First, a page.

With the primaries already upon us, the midterm election cycle is well underway. We wanted to know how it’s affecting staffers’ lives, both on and off the Hill.
We asked, “Could you describe in your own words how your job changes in an election year?” For some, it gets harder, involving more politics and less substance, less job stability and less time with the member, who is often traveling. For others, it doesn’t change much.
Here’s a sampling of how staffers responded:
- “You need a bigger shovel and a longer fire hose.”
- “To the best of my ability, it doesn’t. But leadership wastes a lot of time.”
- “Less likely for significant legislation to be considered.”
- “I won’t have a job.”
- “Spend more time fighting bad ideas from members ‘in cycle’ who try to pass feel good, do nothing bills to make up for their lackluster record.”
- “Policy staff in DC are less effective in an election year, and are significantly less able to get productive, bipartisan bills passed.”
- “It changes in the sense that I have fewer days with the member and fewer days to schedule her meetings, so I have to make good use of my time by utilizing every free minute.”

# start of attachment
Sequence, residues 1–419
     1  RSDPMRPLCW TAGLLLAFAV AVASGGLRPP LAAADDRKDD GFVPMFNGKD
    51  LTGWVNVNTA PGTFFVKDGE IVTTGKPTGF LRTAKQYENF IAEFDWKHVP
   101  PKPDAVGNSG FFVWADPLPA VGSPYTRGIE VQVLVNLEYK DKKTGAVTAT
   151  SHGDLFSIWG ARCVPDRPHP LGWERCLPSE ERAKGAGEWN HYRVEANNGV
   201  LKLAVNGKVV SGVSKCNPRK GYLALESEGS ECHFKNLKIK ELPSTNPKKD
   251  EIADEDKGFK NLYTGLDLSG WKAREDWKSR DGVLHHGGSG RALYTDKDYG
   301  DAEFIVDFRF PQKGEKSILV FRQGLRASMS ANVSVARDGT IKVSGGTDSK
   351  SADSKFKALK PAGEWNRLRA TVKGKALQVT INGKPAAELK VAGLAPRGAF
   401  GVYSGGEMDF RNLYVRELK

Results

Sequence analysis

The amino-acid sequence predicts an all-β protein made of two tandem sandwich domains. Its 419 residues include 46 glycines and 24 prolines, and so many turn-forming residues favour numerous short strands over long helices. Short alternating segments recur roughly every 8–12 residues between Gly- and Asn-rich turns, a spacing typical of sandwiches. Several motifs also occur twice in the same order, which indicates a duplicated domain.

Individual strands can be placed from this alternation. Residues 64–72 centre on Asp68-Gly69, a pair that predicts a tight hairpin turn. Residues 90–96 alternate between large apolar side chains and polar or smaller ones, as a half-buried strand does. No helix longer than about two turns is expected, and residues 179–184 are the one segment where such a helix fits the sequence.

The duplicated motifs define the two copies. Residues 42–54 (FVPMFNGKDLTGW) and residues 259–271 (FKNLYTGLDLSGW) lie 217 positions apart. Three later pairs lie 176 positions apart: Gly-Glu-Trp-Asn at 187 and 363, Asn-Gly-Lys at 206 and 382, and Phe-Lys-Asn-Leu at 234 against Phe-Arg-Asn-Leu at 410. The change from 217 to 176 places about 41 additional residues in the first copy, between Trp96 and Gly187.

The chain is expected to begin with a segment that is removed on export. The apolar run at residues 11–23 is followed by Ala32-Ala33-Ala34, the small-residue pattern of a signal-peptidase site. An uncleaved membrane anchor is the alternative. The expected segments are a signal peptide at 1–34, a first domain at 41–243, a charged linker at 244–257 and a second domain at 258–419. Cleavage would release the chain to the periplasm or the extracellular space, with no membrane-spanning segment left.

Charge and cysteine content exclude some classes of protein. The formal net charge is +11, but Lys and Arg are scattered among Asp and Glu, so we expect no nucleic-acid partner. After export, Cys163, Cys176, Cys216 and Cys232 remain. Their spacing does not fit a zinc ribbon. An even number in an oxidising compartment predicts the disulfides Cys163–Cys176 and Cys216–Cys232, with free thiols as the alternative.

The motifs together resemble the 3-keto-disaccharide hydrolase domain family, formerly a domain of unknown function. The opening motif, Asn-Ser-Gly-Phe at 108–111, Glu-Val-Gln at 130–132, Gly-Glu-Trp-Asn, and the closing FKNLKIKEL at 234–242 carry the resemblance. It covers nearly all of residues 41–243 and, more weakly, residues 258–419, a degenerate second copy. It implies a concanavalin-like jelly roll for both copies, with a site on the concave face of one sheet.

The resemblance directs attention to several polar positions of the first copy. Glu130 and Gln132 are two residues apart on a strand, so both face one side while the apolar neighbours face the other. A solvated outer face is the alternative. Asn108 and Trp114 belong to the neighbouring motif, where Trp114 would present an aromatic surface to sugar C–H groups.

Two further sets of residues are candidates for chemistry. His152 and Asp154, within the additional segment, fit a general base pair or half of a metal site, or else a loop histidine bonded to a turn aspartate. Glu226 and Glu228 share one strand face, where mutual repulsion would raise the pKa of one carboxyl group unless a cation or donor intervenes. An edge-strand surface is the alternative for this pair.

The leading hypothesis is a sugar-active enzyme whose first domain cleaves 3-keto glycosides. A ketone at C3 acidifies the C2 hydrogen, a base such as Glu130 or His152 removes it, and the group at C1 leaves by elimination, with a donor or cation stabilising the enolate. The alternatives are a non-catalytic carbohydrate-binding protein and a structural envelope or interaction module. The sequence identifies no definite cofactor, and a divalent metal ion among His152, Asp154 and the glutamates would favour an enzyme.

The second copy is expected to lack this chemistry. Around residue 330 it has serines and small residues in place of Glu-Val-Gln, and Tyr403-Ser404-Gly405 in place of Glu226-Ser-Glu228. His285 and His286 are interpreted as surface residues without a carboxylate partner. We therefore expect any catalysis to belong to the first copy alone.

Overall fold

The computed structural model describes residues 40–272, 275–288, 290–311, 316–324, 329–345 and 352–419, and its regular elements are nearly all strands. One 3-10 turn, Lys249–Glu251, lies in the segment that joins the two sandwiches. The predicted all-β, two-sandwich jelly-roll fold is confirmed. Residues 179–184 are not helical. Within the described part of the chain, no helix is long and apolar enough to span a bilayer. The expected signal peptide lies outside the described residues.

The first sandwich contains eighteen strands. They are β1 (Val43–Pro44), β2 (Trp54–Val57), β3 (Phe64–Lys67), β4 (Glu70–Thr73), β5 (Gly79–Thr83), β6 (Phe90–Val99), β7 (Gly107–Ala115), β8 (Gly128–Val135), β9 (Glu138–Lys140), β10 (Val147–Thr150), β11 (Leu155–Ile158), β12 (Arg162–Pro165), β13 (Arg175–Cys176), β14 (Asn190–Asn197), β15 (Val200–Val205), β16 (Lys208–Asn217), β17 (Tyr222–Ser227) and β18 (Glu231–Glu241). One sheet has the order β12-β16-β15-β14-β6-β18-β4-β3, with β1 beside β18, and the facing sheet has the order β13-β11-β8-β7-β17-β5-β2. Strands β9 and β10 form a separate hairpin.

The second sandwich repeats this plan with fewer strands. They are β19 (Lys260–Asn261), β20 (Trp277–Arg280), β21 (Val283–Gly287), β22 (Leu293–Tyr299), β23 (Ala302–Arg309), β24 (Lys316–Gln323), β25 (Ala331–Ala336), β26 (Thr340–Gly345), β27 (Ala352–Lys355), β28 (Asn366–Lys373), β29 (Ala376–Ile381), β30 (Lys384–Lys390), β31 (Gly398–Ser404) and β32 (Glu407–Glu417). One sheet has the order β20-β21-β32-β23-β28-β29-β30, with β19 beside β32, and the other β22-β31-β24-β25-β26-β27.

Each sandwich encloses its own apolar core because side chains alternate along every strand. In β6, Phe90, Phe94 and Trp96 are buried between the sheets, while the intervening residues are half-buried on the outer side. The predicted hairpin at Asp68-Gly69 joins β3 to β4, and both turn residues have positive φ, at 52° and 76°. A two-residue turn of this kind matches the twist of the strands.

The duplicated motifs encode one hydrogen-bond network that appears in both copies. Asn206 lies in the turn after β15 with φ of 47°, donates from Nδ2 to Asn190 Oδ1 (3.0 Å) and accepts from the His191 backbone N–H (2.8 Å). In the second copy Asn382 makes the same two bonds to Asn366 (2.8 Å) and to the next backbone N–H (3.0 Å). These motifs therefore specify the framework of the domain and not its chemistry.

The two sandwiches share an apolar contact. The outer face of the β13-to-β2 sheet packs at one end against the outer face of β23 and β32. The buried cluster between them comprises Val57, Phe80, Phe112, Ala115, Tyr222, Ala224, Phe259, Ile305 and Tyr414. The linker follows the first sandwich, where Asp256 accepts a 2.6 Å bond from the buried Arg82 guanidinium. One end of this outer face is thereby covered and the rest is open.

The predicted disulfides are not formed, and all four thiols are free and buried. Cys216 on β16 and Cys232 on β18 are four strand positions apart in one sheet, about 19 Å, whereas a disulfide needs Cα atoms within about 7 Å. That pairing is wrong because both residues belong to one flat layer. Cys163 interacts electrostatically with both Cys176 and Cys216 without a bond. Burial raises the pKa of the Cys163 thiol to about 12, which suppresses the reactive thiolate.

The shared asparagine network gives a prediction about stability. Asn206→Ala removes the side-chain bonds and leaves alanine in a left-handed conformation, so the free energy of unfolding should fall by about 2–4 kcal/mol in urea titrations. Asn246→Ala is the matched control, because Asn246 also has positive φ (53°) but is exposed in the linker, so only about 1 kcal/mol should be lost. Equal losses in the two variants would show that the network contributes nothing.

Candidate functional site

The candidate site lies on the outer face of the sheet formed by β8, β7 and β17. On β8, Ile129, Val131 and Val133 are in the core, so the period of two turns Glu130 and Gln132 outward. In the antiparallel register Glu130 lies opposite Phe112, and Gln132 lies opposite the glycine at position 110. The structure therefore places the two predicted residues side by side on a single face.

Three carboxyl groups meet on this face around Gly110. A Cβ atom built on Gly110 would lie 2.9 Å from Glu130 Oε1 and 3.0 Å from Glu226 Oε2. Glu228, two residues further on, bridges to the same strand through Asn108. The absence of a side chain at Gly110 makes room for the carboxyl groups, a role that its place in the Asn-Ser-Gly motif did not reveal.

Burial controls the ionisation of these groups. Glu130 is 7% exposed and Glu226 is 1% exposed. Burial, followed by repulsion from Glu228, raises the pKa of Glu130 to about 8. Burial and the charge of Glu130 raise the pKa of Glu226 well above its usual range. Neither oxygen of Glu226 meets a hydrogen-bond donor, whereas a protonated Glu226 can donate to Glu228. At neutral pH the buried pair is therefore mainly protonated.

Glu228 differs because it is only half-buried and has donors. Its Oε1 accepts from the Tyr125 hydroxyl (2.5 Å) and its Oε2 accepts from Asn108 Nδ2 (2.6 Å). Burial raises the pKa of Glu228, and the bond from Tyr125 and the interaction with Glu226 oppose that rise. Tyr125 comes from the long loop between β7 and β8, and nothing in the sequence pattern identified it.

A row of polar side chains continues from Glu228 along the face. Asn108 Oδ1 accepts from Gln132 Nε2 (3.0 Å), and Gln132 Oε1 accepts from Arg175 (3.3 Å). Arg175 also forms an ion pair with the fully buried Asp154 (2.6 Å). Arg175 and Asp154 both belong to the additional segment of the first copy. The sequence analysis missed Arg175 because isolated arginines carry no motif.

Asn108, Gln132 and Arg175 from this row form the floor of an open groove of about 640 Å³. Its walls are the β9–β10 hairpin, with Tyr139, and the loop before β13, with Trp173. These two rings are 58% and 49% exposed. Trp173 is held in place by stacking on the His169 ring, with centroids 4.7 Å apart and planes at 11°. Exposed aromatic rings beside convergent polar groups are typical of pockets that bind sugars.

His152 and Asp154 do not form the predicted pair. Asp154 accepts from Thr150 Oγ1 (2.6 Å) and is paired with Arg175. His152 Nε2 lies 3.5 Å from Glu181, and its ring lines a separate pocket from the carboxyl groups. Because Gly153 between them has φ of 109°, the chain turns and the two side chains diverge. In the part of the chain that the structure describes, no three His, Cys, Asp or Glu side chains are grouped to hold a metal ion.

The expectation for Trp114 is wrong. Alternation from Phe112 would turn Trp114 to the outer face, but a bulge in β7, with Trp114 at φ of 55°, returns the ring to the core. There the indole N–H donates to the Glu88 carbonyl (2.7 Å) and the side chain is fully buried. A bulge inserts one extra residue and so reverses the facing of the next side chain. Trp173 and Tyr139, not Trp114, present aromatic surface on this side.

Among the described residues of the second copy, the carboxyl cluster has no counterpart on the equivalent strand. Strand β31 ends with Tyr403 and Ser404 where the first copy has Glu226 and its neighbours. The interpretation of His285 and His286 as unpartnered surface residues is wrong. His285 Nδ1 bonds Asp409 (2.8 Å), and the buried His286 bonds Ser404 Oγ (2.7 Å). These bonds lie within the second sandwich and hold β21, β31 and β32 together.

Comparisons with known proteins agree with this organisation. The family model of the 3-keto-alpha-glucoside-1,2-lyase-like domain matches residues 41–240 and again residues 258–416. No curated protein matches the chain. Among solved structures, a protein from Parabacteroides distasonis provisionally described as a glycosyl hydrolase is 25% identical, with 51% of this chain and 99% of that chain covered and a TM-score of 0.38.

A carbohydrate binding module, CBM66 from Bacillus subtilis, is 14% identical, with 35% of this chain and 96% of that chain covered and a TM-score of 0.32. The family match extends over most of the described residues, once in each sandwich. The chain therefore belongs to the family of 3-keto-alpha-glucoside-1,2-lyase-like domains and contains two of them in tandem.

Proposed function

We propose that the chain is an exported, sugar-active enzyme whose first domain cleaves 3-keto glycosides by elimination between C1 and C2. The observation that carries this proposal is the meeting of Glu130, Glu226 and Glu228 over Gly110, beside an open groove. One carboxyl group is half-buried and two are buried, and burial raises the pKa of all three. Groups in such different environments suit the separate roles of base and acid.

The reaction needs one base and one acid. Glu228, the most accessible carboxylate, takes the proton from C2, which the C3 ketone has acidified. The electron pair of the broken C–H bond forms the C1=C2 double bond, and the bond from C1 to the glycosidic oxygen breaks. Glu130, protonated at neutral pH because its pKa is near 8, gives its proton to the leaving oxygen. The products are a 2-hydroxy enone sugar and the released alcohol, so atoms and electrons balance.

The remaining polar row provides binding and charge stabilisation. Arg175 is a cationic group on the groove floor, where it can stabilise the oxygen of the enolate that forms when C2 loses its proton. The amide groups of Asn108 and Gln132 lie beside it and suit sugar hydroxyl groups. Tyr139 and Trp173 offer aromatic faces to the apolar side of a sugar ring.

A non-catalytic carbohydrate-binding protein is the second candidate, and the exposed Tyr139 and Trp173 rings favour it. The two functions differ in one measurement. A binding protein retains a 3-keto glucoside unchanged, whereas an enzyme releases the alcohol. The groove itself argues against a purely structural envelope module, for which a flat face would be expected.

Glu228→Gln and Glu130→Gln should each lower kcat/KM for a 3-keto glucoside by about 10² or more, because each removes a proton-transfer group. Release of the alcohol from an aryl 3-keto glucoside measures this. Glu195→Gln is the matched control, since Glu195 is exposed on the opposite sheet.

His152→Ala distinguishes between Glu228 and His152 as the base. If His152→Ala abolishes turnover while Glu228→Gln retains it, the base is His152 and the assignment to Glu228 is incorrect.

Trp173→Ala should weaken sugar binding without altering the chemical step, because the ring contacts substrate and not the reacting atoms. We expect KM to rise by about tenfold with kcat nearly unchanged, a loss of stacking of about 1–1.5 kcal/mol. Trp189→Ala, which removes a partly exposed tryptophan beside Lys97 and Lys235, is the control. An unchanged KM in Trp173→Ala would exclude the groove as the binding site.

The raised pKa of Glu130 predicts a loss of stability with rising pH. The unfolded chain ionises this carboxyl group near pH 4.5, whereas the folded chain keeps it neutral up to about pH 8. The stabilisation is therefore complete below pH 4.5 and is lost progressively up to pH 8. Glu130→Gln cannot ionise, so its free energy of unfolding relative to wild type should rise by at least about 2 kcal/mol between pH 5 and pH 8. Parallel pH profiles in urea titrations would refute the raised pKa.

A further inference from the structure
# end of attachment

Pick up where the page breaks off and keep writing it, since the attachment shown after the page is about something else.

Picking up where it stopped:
- “More consensus building and policy accomplishments within the party.”
- “Working to unite the caucus in one message and oppose the other party; be more aggressive about spreading news to the district.”
- “It depends upon the outcome of the elections. If the Senate should change control, my position could be at risk.”
Out of the 212 staffers surveyed, only 66 answered this open-ended question. The titles of those surveyed ranged from chief of staff to staff assistants; 53 percent identified as Democrat, 43 percent as Republican and 3 percent as independent.
The majority of respondents said they worked in a House personal office, while others said they worked in Senate personal offices, on committees or in leadership offices.
Responses were collected online from April 17 through April 20.
Watch: What You Need to Know About Voter Registration and Turnout This Midterm Season